WASHINGTON (Reuters) - The Federal Deposit Insurance Corp approved on Tuesday a proposal to help U.S. bank examiners better determine the amount of deposits at a large bank in the event of a failure.
FDIC Chairman Sheila Bair has repeatedly said the failure of a big U.S. bank is remote. But more financial institutions, trying to deal with big exposures to soured mortgage lending, are expected to become insolvent this year.
The new rules would require the largest banks to modify their deposit systems so the FDIC could quickly calculate how much it would need to pay out on deposits in insurance coverage if one failed. That would include requiring banks to determine the order of qualified depositors.
The rules would apply to banks with at least $2 billion in domestic deposits and either at least 250,000 deposit accounts or total assets of more than $20 billion. About 160 banks would be covered by the rules.
“That is really a critical authority that we need to deal with, with the eventuality of a large bank failure,” FDIC Vice Chairman Martin Gruenberg said at an open meeting.
The FDIC has about 90 banks on its list of “troubled” institutions, but Bair recently told U.S. senators that future failures may include “institutions of greater size” than in the recent past.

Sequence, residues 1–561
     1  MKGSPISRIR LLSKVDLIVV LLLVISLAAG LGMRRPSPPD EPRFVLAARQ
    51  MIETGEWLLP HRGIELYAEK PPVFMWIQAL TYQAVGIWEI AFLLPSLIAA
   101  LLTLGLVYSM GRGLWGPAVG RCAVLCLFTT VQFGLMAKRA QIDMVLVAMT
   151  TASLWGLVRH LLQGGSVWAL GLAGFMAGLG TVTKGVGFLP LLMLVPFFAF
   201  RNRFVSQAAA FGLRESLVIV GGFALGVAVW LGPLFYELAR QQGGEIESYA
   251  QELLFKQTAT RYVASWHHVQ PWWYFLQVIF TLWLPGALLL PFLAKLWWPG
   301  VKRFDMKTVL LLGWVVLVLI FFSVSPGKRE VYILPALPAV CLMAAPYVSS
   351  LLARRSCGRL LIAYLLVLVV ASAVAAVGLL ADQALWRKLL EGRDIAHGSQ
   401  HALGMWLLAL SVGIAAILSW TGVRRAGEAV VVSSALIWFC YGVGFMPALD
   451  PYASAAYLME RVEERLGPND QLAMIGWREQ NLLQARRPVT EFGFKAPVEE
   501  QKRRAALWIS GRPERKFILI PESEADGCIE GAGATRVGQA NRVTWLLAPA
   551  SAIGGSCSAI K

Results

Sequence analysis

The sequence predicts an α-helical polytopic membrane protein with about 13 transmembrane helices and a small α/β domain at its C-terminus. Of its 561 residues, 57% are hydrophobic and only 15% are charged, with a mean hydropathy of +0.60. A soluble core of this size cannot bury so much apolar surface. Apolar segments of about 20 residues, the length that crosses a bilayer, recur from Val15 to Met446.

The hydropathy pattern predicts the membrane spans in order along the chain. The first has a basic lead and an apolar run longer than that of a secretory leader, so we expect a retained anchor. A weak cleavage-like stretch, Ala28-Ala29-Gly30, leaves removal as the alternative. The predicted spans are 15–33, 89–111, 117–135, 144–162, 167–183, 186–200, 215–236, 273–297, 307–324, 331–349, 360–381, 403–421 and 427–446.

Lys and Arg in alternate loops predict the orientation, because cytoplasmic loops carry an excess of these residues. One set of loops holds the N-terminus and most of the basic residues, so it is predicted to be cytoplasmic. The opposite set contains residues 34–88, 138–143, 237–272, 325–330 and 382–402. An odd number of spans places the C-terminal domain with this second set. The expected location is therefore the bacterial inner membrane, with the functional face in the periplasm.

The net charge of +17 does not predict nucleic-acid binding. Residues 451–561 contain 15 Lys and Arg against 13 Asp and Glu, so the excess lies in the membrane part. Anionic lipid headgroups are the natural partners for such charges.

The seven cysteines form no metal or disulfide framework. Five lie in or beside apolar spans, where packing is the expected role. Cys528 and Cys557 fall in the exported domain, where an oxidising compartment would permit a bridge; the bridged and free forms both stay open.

The FDIC, which had about $53 billion at the end of March in the federal deposit insurance fund for use in the event of a bank failure, insures up to $100,000 per deposit and up to $250,000 per retirement account at insured banks.
The rules have been in the works for more than two years. They are aimed at instilling confidence in the banking industry by paying as soon as possible insured deposits and stemming any spillovers to other institutions.
They also seek to clarify how some deposits swept into a different investment product would be treated.
The possibility of commercial bank failures has been a big topic among regulators and lawmakers in Washington, who are carefully watching how the banking industry is being impacted by the housing and credit problems.
In mid-May Bair also proposed creating a federal mechanism to close down an investment bank if another such institution spirals down toward insolvency by possibly applying some of the existing regulatory framework for commercial banks.
Bair is expected to further discuss the regulation of investment banks in a speech on Wednesday before the Exchequer Club, a group of financial professionals, in Washington.
Some banking trade associations have complained the cost of implementing the rules would outweigh the benefits because of the perception of an extremely low likelihood of a big bank failure.
The FDIC cited a comment from an unnamed bank regulatory agency that highlighted the importance of advanced preparation in case a big bank fails.
The regulatory agency said, “Several very large financial institutions moved from reasonably strong financial positions to what observers characterized as near failure in short periods of time,” according to a copy of the FDIC rules.
Reporting by John Poirier, editing by Gerald E. McCormick and Andre Grenon